On April 2, 2009, the work of July 4, 1776 was nullified at the meeting of the G-20 in London. The joint communiqué essentially announces a global economic union with uniform regulations and bylaws for all nations, including the United States. Henceforth, our SEC, Commodities Trading Commission, Federal Reserve Board and other regulators will have to march to the beat of drums pounded by the Financial Stability Board (FSB), a body of central bankers from each of the G-20 states and the European Union.
This “coordination of national agencies” and the “setting” of “standards” is an explicit statement of the mandate the FSB will have over our national regulatory agencies.
Obama, perhaps feeling guilty for the US role in triggering the international crisis, has, indeed, given away the store. Now we may no longer look to presidential appointees, confirmed by the Senate, to make policy for our economy. These decisions will be made internationally.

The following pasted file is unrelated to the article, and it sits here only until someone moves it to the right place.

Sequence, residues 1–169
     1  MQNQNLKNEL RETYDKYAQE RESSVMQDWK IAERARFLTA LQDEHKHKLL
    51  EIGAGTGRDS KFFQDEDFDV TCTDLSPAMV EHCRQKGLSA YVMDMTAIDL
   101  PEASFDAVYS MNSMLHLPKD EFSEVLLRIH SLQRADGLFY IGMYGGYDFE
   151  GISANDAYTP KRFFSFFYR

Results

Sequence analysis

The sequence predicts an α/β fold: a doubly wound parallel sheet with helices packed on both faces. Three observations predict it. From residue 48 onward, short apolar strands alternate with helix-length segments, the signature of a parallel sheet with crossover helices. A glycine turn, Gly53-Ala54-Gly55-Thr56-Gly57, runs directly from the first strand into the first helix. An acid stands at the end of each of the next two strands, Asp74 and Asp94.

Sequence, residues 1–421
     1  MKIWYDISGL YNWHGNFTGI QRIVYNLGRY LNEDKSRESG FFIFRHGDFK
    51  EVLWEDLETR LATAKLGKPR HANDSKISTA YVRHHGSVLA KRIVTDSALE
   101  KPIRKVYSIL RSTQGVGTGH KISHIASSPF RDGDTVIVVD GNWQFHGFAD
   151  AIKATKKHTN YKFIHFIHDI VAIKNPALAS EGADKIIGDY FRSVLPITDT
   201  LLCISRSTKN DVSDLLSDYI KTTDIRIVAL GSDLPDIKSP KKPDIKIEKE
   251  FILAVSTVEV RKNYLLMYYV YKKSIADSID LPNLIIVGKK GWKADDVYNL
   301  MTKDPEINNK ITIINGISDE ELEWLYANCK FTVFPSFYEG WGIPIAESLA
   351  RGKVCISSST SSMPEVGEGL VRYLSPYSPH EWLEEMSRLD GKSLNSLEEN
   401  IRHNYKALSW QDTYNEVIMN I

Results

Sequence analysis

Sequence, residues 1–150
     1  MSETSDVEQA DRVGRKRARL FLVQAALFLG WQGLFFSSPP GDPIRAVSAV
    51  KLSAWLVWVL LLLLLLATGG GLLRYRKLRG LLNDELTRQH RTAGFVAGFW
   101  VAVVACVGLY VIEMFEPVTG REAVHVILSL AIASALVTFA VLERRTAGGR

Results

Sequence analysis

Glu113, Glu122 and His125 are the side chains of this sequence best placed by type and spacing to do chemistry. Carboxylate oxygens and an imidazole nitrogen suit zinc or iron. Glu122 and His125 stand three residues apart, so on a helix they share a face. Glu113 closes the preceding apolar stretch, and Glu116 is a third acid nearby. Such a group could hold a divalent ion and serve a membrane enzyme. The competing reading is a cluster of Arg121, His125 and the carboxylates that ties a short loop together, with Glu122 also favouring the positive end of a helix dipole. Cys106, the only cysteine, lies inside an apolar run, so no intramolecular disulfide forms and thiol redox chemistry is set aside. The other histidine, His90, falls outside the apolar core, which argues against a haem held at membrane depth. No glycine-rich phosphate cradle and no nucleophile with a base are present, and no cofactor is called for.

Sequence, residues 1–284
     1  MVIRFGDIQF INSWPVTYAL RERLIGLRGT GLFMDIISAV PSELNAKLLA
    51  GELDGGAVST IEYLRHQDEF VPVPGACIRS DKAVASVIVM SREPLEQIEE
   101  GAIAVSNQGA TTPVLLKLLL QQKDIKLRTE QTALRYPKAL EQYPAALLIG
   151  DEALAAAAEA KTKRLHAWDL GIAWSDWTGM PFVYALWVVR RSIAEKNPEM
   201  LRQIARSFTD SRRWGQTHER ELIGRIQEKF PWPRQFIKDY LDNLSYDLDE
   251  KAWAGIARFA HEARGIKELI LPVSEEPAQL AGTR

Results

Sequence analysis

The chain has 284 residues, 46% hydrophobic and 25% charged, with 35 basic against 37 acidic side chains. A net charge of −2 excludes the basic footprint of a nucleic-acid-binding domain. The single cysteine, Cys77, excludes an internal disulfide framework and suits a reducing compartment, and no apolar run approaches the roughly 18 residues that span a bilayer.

And Europe will dominate them. The FSF and, presumably, the FSB, is now composed of the central bankers of Australia, Canada, France, Germany, Hong Kong, Italy, Japan, Netherlands, Singapore, Switzerland, the United Kingdom, and the United States plus representatives of the World Bank, the European Union, the IMF, and the Organization for Economic Co-operation and Development (OECD).
Europe, in other words, has six of the twelve national members. The G-20 will enlarge the FSB to include all its member nations, but the pro-European bias will be clear. The United States, with a GDP three times that of the next largest G-20 member (Japan), will have one vote. So will Italy.
The Europeans have been trying to get their hands on our financial system for decades. It is essential to them that they rein in American free enterprise so that their socialist heaven will not be polluted by vices such as the profit motive. Now, with President Obama’s approval, they have done it.